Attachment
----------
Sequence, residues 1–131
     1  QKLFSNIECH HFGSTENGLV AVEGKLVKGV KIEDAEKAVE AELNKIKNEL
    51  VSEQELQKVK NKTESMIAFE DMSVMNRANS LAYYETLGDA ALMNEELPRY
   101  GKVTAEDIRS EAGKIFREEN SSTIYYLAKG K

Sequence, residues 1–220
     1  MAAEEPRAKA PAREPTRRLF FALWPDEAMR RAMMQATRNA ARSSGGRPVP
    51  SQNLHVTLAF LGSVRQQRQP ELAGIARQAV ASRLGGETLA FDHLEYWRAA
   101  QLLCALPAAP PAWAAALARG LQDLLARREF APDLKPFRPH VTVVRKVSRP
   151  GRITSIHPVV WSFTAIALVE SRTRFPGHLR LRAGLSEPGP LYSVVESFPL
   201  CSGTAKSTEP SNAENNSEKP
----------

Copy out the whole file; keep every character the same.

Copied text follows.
Sequence, residues 1–131
     1  QKLFSNIECH HFGSTENGLV AVEGKLVKGV KIEDAEKAVE AELNKIKNEL
    51  VSEQELQKVK NKTESMIAFE DMSVMNRANS LAYYETLGDA ALMNEELPRY
   101  GKVTAEDIRS EAGKIFREEN SSTIYYLAKG K

Sequence, residues 1–220
     1  MAAEEPRAKA PAREPTRRLF FALWPDEAMR RAMMQATRNA ARSSGGRPVP
    51  SQNLHVTLAF LGSVRQQRQP ELAGIARQAV ASRLGGETLA FDHLEYWRAA
   101  QLLCALPAAP PAWAAALARG LQDLLARREF APDLKPFRPH VTVVRKVSRP
   151  GRITSIHPVV WSFTAIALVE SRTRFPGHLR LRAGLSEPGP LYSVVESFPL
   201  CSGTAKSTEP SNAENNSEKP